Rutenberg calls making art a “gravitational pull.” He is right. It is not something I could stop willingly. So if my artwork touches people and they want to buy it, I am truly gratified. But it is also okay if they are moved enough to put an image on their refrigerator. What is critical is whether my paintings resonate with the viewer.

I was particularly pleased to have been asked by a staff member of the St. Simons Island, Georgia, Presbyterian Church ( if they could feature What We Carry on the front of their church bulletin. While my images have been used in my own church, this was the first request from another community. For those at the St. Simons church, I can only hope that the painting provided a path into worship.

First Times

Do we ever forget first times? I’m not sure we do.

2 TannerMomtrailbwDo we ever forget first times? I’m not sure we do.

I still remember the first time I lost a tooth, the first time I rode a bike without training wheels, and the first time I went camping (no I wasn’t a child). My middle grandson has been fortunate: He has done all three this summer with the camping trip just last week.

We were in the mountains of North Carolina where the white squirrels roam. Yes Brevard. And it was surprisingly cool for July. Just ask me about the dip in the swimming hole at the river. We also had his 13-month-old brother along who had just learned to walk, so we had a bit of a challenge just keeping him from eating the gravel on the site and from taking too many samples of leaves and moss.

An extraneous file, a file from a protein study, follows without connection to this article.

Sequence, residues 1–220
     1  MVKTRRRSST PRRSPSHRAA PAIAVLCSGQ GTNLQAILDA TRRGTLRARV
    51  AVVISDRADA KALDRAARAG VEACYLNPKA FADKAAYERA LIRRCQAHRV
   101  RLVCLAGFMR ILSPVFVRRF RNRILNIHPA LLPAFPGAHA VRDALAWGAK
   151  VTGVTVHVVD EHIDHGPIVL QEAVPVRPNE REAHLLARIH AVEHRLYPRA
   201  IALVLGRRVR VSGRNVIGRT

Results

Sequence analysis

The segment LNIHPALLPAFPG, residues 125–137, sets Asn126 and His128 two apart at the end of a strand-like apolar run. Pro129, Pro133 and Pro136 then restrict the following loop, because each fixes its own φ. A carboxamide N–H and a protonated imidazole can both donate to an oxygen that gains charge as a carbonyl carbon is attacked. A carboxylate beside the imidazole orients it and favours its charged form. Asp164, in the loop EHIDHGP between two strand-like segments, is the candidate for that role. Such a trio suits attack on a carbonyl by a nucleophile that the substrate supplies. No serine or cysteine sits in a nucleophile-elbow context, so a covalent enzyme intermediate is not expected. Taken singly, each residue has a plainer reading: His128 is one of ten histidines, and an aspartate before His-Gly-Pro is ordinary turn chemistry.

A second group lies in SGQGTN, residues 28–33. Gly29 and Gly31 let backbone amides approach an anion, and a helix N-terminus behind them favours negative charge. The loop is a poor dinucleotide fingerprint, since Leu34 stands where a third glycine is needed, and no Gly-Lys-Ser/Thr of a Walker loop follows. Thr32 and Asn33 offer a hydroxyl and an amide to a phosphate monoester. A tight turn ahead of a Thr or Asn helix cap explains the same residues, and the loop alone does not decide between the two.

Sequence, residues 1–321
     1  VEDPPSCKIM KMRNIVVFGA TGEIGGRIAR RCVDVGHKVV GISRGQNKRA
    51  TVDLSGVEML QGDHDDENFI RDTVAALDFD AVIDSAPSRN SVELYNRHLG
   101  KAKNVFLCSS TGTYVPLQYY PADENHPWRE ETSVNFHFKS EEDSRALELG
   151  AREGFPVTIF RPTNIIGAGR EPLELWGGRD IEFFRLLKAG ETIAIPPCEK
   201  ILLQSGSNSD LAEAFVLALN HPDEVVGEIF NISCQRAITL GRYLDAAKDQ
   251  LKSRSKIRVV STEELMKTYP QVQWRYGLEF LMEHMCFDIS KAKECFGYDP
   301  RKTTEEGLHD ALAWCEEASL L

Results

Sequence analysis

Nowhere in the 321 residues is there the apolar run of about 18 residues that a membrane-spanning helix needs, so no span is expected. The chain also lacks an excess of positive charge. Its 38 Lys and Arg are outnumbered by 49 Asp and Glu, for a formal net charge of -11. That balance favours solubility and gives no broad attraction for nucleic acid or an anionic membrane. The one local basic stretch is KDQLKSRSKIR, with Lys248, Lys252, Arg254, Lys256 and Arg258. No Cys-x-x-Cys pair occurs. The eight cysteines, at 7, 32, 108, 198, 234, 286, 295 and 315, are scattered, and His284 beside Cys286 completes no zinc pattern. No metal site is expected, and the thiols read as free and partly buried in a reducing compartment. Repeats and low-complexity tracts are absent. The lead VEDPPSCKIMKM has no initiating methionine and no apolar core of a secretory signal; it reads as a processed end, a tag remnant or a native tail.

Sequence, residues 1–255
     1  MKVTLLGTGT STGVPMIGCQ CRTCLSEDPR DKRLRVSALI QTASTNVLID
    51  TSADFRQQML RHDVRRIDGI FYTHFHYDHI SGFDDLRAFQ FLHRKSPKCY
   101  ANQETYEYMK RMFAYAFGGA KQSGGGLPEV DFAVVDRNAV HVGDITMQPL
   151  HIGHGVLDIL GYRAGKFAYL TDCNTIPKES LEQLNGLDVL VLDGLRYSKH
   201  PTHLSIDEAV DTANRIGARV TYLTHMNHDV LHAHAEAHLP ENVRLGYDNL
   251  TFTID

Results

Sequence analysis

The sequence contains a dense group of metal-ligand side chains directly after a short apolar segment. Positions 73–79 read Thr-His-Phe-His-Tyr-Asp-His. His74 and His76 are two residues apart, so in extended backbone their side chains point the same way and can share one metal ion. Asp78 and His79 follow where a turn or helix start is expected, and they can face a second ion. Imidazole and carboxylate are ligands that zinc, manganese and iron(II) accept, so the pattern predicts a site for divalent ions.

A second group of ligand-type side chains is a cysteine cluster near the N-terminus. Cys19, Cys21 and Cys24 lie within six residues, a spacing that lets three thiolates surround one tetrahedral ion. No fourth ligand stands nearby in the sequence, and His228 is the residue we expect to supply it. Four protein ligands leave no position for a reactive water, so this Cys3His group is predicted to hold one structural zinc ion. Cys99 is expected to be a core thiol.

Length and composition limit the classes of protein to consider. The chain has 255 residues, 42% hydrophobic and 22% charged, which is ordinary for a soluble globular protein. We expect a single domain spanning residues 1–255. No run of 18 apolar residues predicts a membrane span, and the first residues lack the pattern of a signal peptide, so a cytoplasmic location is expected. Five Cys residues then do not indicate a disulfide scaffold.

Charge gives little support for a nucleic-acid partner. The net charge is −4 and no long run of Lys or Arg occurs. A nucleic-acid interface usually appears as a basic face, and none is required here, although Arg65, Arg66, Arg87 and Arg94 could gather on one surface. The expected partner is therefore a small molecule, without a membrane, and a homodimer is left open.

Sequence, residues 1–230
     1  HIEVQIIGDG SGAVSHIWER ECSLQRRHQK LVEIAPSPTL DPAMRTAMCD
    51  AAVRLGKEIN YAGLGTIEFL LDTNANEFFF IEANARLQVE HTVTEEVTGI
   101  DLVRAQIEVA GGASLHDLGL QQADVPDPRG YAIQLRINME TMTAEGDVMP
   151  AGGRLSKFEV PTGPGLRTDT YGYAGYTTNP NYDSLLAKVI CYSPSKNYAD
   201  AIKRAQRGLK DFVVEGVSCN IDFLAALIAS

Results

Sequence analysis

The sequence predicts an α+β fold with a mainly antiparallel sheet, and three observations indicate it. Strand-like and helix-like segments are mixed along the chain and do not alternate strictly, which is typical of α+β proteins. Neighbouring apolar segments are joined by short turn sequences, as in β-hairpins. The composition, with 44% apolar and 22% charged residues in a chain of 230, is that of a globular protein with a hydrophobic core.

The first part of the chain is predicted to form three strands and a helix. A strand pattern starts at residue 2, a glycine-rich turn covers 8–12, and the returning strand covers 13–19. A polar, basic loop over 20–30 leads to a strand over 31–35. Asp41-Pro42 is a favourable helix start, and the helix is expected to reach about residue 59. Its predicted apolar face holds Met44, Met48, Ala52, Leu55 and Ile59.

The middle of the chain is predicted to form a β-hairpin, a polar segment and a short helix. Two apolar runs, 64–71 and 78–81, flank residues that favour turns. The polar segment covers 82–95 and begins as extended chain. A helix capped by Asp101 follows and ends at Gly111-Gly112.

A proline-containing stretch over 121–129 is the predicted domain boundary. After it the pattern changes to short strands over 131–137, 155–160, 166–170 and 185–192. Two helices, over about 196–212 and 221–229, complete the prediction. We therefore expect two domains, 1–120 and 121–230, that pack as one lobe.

But in our two days we still managed to see two waterfalls, both close to the road, and hiked along the Davidson River on the bike path for about a mile. I have pictures of the river trail and of Mills Shoals and Looking Glass falls, which will certainly inspire paintings.

But so will the excitement of an “almost seven-year-old” on his first morning in camp.

For Mother Nature

All of these are magical places. Transforming places. Since childhood, these were places that opened me to myself, soothed my soul, and offered me solace, inspiration, and just plain happiness.

“Campfire,” 11″ x 14″, Mixed media on canvas with paper, fabric, and charcoal pencil